Buck Wild at the Wild Rogue Relay

Last year I discovered my favorite place to run is western Oregon.  Hands down.  So when Leah suggested we make a whole Buckmaster team for the next Wild Rogue Relay, it wasn't even a question.  I was there.


Team relays are a whole different breed of running, and it takes a very special breed of human being to head these events.  Sydney was on our team last year, but this year she was the captain of the whole operation!

The morning we went to the starting line I got to see her, preggo belly and all.  What a cutie!  {Okay, she's usually a little cuter without the kleenex hanging out of her nostrils, you're gonna have to take my word on this one.}


Kirsten took the first leg, and I had to squash the pang of jealousy, remembering the picturesque trail around the lake she was going to experience.  That was my favorite run last year.

Next was Leah, who quickly fell victum to knee and foot pains she'd been battling during training.  But  she fought through it and made it to the next handoff to this cute little deer.

No, she's not a Buckmaster.  In fact, most of our team members were only honorary Buckmasters.  Before this race none of us knew Jill.  We literally just picked up a complete stranger from a parking lot in Newport and took her to go camping with us.  The sweatiest, stinkiest brand of camping there is.

It took us about ten seconds to decide we absolutely loved her.  I mean, she brought a deer costume.



Ben and Chris were the other honorary Buckmasters in our van.  {Van 2 had Elizabeth and Mark, along with four honoraries.}  These strangers definitely brought up our team in both running time, and party time.
BUCK WILD CROSSING!

Here's something amazing about team relay races: people are happy.  I mean, really happy.  To the point of insanity.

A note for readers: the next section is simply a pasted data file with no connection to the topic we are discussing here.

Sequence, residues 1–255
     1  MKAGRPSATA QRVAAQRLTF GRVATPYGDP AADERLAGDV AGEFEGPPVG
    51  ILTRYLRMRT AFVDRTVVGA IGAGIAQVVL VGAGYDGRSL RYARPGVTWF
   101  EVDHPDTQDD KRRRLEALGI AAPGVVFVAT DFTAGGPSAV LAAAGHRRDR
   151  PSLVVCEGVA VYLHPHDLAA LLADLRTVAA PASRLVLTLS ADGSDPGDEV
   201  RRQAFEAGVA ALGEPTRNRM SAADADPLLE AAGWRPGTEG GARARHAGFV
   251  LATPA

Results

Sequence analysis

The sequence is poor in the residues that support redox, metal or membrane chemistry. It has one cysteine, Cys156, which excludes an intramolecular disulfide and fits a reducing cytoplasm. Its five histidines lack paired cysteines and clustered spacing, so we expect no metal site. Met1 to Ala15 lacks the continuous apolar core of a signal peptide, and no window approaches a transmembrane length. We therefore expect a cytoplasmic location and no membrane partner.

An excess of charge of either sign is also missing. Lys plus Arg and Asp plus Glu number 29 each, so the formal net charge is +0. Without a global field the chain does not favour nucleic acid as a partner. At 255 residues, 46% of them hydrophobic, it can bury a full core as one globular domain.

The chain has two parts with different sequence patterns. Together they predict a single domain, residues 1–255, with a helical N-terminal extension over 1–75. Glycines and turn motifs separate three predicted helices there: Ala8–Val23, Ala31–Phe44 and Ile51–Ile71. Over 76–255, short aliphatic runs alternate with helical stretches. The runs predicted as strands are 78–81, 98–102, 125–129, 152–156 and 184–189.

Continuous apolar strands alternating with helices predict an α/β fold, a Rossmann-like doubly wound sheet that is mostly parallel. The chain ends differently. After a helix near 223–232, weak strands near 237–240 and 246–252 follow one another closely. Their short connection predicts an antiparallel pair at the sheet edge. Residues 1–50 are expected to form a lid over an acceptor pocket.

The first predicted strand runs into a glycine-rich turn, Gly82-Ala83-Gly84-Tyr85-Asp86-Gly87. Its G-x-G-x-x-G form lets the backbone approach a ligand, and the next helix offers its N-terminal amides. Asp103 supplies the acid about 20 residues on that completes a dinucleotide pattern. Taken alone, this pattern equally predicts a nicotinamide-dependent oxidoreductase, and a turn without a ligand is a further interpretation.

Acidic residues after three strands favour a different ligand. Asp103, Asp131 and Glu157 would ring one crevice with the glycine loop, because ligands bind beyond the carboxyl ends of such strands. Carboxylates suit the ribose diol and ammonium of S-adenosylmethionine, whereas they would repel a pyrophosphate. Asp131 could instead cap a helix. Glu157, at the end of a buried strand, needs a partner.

Every half marathon I've been in I seem to be running alongside people who look like they want to die.  Honestly, I probably look like I'm already dead.  But having team members cheer you on, coaching you, running alongside you, suffering with you, sweating with you {or on you} gives you this giant shot of adrenaline.  And you take that and cheer your guts out, bringing up the rest of your teammates with weird songs and dance moves and costumes and... basically insanity.


I love it.




Another perk of having teammates?  You run faster.

Two of my three legs I was able to make personal records!  More adrenaline, please.

I'll tell you what my slowest leg was, though.  The first.  Why?  It was the exact same leg that Jamie injured himself on the year before, and it doesn't take a genius to understand why.  The thing was straight up a mountain!  STRAIGHT!  UP!

It was the hardest run I'd ever done, and I was just happy to survive it.


And speaking of survival…
Last year, as the first runner, I never had to run in actual dark.  This year, as the last runner, my second leg was at midnight.  You know, when all the goblins are out snatching up runners and eating them alive.  Eek!

I was a little nervous.  If not about goblins, then how about bears and cougars?  After gentle encouragement from my awesome teammates, I put on a brave face.  I popped my headphones on and blasted my audiobook, hoping it would take my mind off of the fact that I was running in the middle of nowhere in pitch black night with nothing but a dim headlamp for guidance.

The book was captivating, alright.  But I kept looking back, wishing another runner would catch up to me so I wouldn't be alone, and then worrying I had taken a wrong turn and was running into the abyss.

Then the book got a little too captivating.  The main character happened upon the dead body of his friend, floating in a river and bumping against the docks at his feet.